Have you ever cut open a pepper or carved a pumpkin and wondered what the gas is inside the fruit? (Yes, technically they are both fruits and not vegetables.) You know the open space isn’t a vacuum because air doesn’t get sucked into an opening when you first make a cut. You can guess the gas isn’t flammable, like hydrogen or methane, because roasting a pepper doesn’t make it burst into flame. So, what is the gas inside a pepper or pumpkin? Here is the answer to the question and an explanation of why the gas is there at all.
Gas Inside a Pepper or Pumpkin
The gas inside a pepper or pumpkin has mostly the same composition as air, which is nitrogen, oxygen, argon, carbon dioxide, water vapor, and other trace gases. Depending on the ripeness of the produce, the plant hormone ethylene is present. However, the relative amounts of the gases in air change within a developing fruit. For example, researchers found the gas inside a cotton fruit was 46% nitrogen, 29% oxygen, 4% argon, and 20% carbon dioxide. In contrast, the air surrounding the plant was 73% nitrogen, 25% oxygen, 2% argon, and 0.3% carbon dioxide. So, the fruit contained enriched levels of of oxygen and carbon dioxide. The same study found that a diseased plant’s fruit contained much lower oxygen and much higher carbon dioxide.
Why Is the Composition Different From Air?
Plants use carbon dioxide for photosynthesis and oxygen for respiration, but these two gases play other important roles, too. If oxygen levels fall inside the fruit, it yields lower-weight seeds. Below a certain amount (15% oxygen, for peppers), embryo develop stops entirely. So, the gas within hollow fruits is enriched with oxygen to aid seed production.
In studies involving peppers, removing carbon dioxide did not affect seed weight, but it did accelerate fruit ripening, while reducing the amount of sucrose and starch in the pepper. A separate study, this time on wheat seeds, found that enriching a low-oxygen atmosphere with carbon dioxide offset the negative effect on seed development. Another study, involving rapeseed and soybean, found that plants need a higher concentration of carbon dioxide to maximize oil synthesis in seeds. Pumpkin seeds are rich in oil, so it makes sense the gas inside a ripe pumpkin contains higher percentages of both oxygen (for seed development) and carbon dioxide (for oil production in the seeds).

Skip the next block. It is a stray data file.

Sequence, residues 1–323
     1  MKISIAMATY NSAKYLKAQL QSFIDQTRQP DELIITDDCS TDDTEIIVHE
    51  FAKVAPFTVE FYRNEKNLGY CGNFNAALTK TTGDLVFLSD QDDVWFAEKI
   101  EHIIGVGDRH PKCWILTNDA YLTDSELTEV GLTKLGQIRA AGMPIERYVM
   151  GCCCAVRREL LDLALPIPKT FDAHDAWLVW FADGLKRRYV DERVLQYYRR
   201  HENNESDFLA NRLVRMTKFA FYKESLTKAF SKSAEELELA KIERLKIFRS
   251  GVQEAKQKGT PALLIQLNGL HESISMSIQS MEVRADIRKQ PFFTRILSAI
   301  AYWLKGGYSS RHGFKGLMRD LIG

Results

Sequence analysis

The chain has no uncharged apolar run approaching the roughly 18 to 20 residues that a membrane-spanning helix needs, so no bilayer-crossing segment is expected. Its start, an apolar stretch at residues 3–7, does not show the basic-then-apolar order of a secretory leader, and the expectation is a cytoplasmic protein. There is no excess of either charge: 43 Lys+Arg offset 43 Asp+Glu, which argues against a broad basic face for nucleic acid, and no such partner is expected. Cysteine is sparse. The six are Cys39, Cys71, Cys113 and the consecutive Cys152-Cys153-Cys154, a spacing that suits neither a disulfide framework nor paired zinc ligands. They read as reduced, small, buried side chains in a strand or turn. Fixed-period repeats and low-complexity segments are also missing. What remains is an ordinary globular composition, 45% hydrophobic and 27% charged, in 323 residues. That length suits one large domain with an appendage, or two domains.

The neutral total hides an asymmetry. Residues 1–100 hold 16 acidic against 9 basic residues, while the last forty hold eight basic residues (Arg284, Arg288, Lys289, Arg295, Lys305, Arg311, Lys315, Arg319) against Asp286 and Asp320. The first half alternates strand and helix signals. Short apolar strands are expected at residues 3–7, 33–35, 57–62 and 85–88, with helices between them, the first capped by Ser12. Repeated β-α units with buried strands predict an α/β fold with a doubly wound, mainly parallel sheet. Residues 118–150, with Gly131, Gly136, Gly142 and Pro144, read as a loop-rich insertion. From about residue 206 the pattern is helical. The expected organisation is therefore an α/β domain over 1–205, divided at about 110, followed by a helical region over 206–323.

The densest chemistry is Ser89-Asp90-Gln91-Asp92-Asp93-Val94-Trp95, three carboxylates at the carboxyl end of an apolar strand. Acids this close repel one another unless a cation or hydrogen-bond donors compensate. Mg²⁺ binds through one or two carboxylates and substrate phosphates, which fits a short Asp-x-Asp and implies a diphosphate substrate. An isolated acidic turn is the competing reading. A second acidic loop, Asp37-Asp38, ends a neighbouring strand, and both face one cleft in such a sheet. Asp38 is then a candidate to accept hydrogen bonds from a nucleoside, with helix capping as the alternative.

The composition of the gas within a pepper or pumpkin is not constant over time. It changes as the fruit develops and in response to factors that affect the plant’s health. The balance of these gases also plays a role in ethylene production, which ripens the fruit.
How Does Gas Get Inside the Fruit?
Young fruit, just like leaves and young stems, has a single-layer coating of cells called the epidermis. Just like in leaves, the fruit epidermis has tiny openings called stomata. Guard cells on either side of a stomatal pore control whether it is open or closed. When the pore is open, the fruit exchanges gases with the outside air. Green fruit performs photosynthesis, which involves carbon dioxide, oxygen, and water.
As the fruit ripens, tissue called a periderm replaces the epidermis. The periderm also allows gas exchange, this time through areas of loosely-connected cells called lenticels. Lenticels are easily observed on an apple or pear, but also occur on peppers, pumpkins, and other hollow produce.
Both the stomata and the lenticels are small openings. So, if you submerge a pumpkin or pepper in water, all of the gases inside don’t bubble out.
- Blasiak, J.; Kuang, A.; Farhangi, C.S.; Musgrave, M.E. (2006). “Roles of Intra-fruit Oxygen and Carbon Dioxide in Controlling Pepper (Capsicum annuum L.) Seed Development and Storage Reserve Deposition.” J. Amer. Soc. Hort. Sci. 131(1): 164-173.
- Goffmann, F.D.; Ruckle, M.; Ohlrogge, J.; Sachar-Hill, Y. (2004). “Carbon dioxide concentrations are very high in developing oilseeds.: Plant Physiol. Biochem. 42(9): 703-708. doi:10.1016/j.plaphy.2004.07.003
- Jacks, T.J.; Hensarling, T.P.; Legendre, M.G.; Buco, S.M. (1993). “Permanent Gases Inside Healthy and Microbially Infected Cotton Fruit During Development.” Biochem. Biophys. Res. Com. 191(3): 1284-1287. doi:10.1006/bbrc.1993.1356
- Ramonell, K.M.; McClure, G.;. Musgrave, M.E. (2002). “Oxygen control of ethylene biosynthesis during seed development in Arabidopsis thaliana (L.) Heynh.” Plant Cell Environ. 25:793–801.
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